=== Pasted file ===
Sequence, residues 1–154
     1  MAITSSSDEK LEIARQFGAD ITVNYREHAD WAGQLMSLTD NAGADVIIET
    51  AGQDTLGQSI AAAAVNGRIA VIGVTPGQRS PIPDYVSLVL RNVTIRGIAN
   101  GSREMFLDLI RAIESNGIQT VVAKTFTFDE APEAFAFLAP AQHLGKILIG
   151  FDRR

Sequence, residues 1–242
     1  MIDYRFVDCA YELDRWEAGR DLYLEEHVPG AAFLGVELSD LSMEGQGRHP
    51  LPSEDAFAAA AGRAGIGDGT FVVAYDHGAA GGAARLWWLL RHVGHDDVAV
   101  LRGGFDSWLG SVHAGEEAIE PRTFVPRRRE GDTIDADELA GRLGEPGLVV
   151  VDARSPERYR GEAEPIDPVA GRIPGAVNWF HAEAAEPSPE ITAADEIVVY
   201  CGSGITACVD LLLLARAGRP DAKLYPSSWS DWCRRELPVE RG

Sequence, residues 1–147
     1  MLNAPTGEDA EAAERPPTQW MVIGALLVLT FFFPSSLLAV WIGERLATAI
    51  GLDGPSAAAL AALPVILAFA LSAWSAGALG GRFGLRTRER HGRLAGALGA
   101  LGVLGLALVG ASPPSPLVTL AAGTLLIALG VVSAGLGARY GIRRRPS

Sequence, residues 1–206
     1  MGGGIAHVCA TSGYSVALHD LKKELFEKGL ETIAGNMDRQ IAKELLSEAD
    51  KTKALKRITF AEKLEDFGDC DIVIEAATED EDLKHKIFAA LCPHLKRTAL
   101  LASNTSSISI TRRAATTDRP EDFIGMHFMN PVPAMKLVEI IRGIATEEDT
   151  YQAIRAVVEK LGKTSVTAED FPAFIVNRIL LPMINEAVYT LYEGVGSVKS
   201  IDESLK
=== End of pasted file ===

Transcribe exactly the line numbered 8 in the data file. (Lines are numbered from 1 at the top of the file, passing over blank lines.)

    51  LPSEDAFAAA AGRAGIGDGT FVVAYDHGAA GGAARLWWLL RHVGHDDVAV